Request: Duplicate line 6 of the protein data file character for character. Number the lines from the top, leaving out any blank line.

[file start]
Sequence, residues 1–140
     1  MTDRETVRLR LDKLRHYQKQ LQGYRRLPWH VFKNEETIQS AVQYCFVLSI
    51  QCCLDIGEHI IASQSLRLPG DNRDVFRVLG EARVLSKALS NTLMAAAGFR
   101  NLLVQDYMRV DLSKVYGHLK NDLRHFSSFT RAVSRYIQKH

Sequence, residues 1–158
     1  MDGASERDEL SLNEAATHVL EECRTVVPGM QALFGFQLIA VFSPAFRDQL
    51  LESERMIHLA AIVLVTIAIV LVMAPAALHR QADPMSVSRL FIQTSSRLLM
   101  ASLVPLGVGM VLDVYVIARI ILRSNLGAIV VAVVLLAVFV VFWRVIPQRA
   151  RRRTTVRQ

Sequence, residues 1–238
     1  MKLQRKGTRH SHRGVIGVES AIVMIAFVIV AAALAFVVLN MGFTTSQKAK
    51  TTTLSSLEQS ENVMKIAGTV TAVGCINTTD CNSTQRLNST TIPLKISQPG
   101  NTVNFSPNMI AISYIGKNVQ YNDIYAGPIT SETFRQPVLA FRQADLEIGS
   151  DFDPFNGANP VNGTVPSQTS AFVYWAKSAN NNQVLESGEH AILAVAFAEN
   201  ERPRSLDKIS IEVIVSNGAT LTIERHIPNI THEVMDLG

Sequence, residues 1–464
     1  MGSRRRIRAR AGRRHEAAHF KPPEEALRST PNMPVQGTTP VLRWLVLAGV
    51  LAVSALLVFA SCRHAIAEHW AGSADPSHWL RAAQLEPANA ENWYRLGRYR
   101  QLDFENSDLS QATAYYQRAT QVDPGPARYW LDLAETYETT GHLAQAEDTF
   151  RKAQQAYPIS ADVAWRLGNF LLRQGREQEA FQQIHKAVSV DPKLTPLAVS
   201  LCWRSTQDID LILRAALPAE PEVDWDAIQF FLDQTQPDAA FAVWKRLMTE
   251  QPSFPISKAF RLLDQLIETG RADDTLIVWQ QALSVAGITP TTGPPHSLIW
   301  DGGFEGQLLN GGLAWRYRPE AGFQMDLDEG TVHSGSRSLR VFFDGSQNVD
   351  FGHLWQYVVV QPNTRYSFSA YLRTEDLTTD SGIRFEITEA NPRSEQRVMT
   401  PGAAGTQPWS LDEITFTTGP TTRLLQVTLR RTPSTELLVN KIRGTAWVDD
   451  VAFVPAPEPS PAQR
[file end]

     1  MDGASERDEL SLNEAATHVL EECRTVVPGM QALFGFQLIA VFSPAFRDQL